Global Supply Chain and Logistics Focus: Our Weekly Feature Article on Topics Related to the Global Supply Chain and Related Logistics News and Issues  

- April 14, 2010 -


Global Supply Chain News: Will a Foldable Box Now Re-Change the World?


Collapsible Containers Long a Goal, but Solutions have been Elusive; We Profile Four New Promising Products


SCDigest Editorial Staff

SCDigest Says:
Clearly there are potentially huge benefits in moving the containers by truck or rail to exporters that need them, or to move containers transported by rail inland back to ports.

Click Here to See Reader Feedback

More than 50 years ago, Malcom McLean in large part ushered in the start of the current globalization era when he first deployed the ocean shipping containers he had invented at the port of New Jersey in 1956.

Half a century later, is it time to finally rethink “the box that changed the world?”

The physical container that McLean invented is really little changed from its original design, and remains very efficient for shipping goods.

But there are several problems Global trade imbalances, such as Asia to the US or Europe, mean there are many times more full containers coming to some regions than there are reciprocal full containers make a return trip. So, ships must ultimately send back bulky empty containers.

Second, there have always been challenges, especially over the last five years, in moving empty containers inland from port areas to shippers in more central areas of the US, leading to issues of both cost and availability for heartland exporters. (See Back again - Bottlenecks in Shipping US Exports to World Markets.)

Finally, stored empty containers take up a tremendous amount of space, especially in port terminal areas.

Add to that growing concern about the environmental impact and energy use of moving anything these days, and it seems obvious that someone should develop a collapsible container that would take up a substantially smaller footprint when empty.

In fact, many have tried, going back into the 1970s. Several companies have taken a run at it in the succeeding decades, with several efforts looking promising at the time. The challenges are many, starting with the ability of foldable or collapsible containers to withstand the physical pounding of repeated ocean and inland transport trips. Maintenance costs can be high even on traditional containers, and perhaps excessively so on collapsible models. Such containers also need to remain impervious to wind, rain and other environmental elements over time – a harder problem to address than many imagine.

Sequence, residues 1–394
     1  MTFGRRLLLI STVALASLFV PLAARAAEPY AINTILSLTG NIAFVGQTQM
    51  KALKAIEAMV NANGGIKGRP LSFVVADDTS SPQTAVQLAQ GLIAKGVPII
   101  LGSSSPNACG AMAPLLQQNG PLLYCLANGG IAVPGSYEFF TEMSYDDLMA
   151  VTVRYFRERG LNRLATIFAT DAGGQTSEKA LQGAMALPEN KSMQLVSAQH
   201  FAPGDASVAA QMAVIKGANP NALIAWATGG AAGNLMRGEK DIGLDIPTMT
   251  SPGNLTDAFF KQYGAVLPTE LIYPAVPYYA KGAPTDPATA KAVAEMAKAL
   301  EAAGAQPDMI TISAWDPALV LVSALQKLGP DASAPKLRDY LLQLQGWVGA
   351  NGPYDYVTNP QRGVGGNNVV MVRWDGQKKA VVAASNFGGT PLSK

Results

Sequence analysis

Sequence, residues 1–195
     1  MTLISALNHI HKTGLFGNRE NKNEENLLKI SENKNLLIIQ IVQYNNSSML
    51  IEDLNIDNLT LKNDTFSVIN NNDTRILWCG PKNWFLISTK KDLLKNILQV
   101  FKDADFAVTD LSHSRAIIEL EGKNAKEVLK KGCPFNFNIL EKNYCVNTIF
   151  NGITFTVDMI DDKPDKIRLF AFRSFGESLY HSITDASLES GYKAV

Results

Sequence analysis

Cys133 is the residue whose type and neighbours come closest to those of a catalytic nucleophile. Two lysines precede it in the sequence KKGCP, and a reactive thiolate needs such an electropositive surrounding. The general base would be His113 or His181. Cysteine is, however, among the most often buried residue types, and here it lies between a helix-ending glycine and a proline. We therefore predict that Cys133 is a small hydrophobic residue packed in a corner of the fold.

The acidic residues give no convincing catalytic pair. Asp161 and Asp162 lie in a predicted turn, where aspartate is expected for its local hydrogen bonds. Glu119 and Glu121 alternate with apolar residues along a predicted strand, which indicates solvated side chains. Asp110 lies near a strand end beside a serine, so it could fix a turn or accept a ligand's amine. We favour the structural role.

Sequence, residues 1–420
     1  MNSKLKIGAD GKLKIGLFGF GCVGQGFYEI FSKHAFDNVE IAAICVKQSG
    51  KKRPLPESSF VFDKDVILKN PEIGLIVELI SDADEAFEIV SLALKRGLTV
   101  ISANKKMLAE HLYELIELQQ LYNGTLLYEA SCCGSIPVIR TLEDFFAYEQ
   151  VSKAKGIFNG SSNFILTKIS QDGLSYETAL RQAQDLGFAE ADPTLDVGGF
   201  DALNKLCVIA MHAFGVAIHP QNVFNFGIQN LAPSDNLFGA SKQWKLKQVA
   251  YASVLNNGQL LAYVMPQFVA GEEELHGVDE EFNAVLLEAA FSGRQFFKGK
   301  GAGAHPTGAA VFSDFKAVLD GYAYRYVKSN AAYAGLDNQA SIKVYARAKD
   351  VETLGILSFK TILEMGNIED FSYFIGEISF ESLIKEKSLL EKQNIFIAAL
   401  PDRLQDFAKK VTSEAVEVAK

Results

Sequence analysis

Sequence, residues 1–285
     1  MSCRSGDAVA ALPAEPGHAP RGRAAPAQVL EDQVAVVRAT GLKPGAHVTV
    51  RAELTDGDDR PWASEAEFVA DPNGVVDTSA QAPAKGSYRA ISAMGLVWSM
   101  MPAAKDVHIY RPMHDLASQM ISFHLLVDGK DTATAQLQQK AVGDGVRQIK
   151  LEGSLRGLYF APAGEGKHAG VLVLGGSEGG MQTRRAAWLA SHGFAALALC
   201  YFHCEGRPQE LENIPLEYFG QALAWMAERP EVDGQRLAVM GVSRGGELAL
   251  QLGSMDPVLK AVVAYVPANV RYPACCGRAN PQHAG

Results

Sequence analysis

So, these previous efforts have largely failed. But now at last perhaps some real progress has been made.

For example: Successful investment banker Avinder Bindra of India perceived the basic problem, and partnered with the India Institute of Technology. Three years later, the group developed an approach in which the walls of the container, powered by hydraulics, fold up vertically to about one-fourth of the normal container size. (See image nearby, or watch YouTube Video.) It takes one or at most two workers to collapse the new Bindra container.


Compact Container Systems of Boston has taken a similar approach, except its product collapses a container in the other direction (see image below). It demonstrated its first prototype at a trade show in November and is now working on commercialization of the product.


Story Continued Below


Category Sponsor:Kinaxis

The Comedy Series BigERP Doesn't Want You to Watch!




Cargoshell is a Dutch company started by René Giesbers, heir to a fortune from his family business, that takes a somewhat similar approach to making a container flat. It says it take just 30 seconds to make collapse its containers. (See graphic below.) The containers are made of a composite material that weighs 25% less than standard shipping containers.

Another Dutch company, Holland Container Innovations, is also in the business, with an interesting design that features folding walls that slide into each other. It says its containers can be folded or unfolded in about 10 minutes. The company says its containers actually weight slightly more than a traditional container, but can be stacked as many as nine high.


Where are the Benefits?

These new containers can cost as much as twice the price of traditional containers. What is the return from this increased investment?

Clearly there are potentially huge benefits in moving the containers by truck or rail to exporters that need them, or to move containers transported by rail inland back to ports. In theory, four times as many empty containers should be able to be moved in collapsed mode versus today’s model.

The cost to return containers via cargo ship is a little more problematic. While ships could clearly fit something like four times as many containers on each vessel to return to Asia or other ports, that doesn’t impact the fundamental trade imbalance, meaning you will still have the same number of ships returning to Asia with largely empty containers, or just simply empty.

If these collapsible containers take-off, they could clearly open usable space in port terminals and import warehouse yards, yielding additional benefits.

Netting it out, the new containers are largely somewhere between prototype and full commercialization. They will also need approval from various regulatory bodies.

The guess here is that we will see widespread adoption over the next 3-5 years.

What are your thoughts on collapsible containers? Where do you see ROI the ultimately for shippers? Let us know your thoughts at the Feedback button below.

Send an Email
Related Videos Related News & Videos
Coming soon